- Seagrass areas in Victoria’s two most popular coastal bays, Port Phillip and Western Port, provide a recreational benefit estimated at $36.5 million a year.
- Mangroves and saltmarshes attract birds and birdwatchers alike, with an estimated average value of $158 per trip.
Each summer, large flocks of migratory shorebirds land exhausted on the shores of Port Phillip and Western Port. Some species like the tiny Red-necked Stint or Critically Endangered Eastern Curlew travel from as far away as Siberia and Russia. Others, like the Critically Endangered Orange-bellied Parrot, migrate to Victoria’s coastal areas over winter from Tasmania.
What attracts them to Victoria’s coastline is the wealth of food found in saltmarshes, seagrass beds, mangroves and tidal mudflats. Migratory shorebirds feast for months to fatten up, so they can survive the long trip home and come back again the following year.
Most efficient way to store carbon
Coastal wetlands capture carbon dioxide from the air and store it in their leaves and wood. They also create the perfect environment for storing carbon captured within surrounding soil. This makes them among the most powerful carbon sinks on the planet.
Carbon storage capacity of coastal wetlands:
- In Victoria and New South Wales (NSW), coastal wetlands store 36,000 tonnes of CO2 per year. It’s equivalent to taking 7,826 cars off our roads.
- Restored mangroves in the Richmond River, NSW for example, have captured an impressive 11.5 tonnes of CO2 from the atmosphere per hectare per year in their first 25 to 40 years.
- If coastal wetlands are naturally allowed to migrate with changing sea level, rather than being drained or trapped in by concrete sea walls or rubble - these ecosystems in Victoria could store 1.6 million tonnes of carbon by 2050 with a value of $65 million.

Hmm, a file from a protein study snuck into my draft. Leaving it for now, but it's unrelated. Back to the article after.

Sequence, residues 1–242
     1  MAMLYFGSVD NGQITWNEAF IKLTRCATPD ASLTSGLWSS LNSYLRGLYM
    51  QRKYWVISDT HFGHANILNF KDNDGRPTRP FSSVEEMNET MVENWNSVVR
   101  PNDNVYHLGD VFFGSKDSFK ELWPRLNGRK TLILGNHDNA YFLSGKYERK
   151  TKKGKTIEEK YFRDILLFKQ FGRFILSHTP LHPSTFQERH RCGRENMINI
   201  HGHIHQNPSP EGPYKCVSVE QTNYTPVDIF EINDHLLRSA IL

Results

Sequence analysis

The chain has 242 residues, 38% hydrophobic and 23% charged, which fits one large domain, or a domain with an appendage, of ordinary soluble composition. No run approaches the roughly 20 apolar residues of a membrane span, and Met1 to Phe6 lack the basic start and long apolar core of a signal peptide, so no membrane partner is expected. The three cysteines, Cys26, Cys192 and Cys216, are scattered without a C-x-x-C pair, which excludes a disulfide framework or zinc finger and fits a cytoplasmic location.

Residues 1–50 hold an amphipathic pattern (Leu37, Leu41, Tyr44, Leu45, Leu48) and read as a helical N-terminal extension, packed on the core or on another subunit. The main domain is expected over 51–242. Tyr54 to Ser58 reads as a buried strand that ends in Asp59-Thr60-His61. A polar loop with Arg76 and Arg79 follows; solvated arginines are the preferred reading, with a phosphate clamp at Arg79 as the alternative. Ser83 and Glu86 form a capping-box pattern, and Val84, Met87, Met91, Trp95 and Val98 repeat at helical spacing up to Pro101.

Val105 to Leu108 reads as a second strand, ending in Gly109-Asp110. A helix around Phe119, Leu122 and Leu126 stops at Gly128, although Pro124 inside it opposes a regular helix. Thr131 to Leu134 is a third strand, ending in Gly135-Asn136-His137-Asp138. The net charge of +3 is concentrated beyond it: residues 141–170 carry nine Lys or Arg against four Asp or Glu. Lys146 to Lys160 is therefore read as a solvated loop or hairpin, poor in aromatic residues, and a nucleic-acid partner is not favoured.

- The carbon already stored in coastal wetland soils can range from 40 to 600 tonnes per hectare. An estimated 26 million tonnes of carbon is stored in mangroves, saltmarshes and seagrasses across Victoria and NSW.
Studies have shown that coastal wetlands can store carbon up to 40 times faster than rainforests and can remain there for thousands of years. Restoring coastal wetlands is the reverse of digging up and burning fossil fuels like coal or oil, because healthy coastal wetlands take greenhouse gases out of the air and store them in the ground.
Coastal protection - first line of defence
Mangroves, saltmarsh and seagrasses have stood guard over Australia’s coastlines for millennia. Their root structures and physical presence hold shorelines in place reducing erosion and wave damage, helping to preserve valuable shoreline assets and infrastructure
Value from coastal protection:
- Their root structures and physical presence hold shorelines in place. They reduce erosion, wave damage and help preserve valuable shoreline assets and infrastructure.
- Reduce wave energy by 37 to 71%. Protecting property across south-eastern Australia to the value of $2.7 billion.
- Prevent the relocation of 1.02 million people nationally and could lower damage by 11.3%. Potentially saving the economy $3.6 billion by 2090.
Why put a dollar value on Australia’s coastline?
Our Mapping Ocean Wealth project aims to create a new attitude towards conserving our southern coasts in the way we value, support and resource marine protection and restoration.
Through our global marine conservation work, we know that a major limiting factor in large-scale protection and restoration is the lack of sound scientific information to clearly communicate the social and financial benefits of nature as an asset. As the saying goes ‘you cannot manage what you cannot measure’.
Mapping Ocean Wealth will help support smart investment and decision-making to sustain our coasts now and for future generations.
The Mapping Ocean Wealth project has brought together some of Australia’s best marine researchers. It’s a partnership between: The Nature Conservancy, Deakin University, Department of Land Water and Planning Victoria, Victorian Fisheries Authority, Parks Victoria, NSW Department of Primary Industries – Fisheries, and NSW Office of Environment and Heritage with support from The Thomas Foundation, HSBC Australia, The Ian Potter Foundation and Australian Research Council.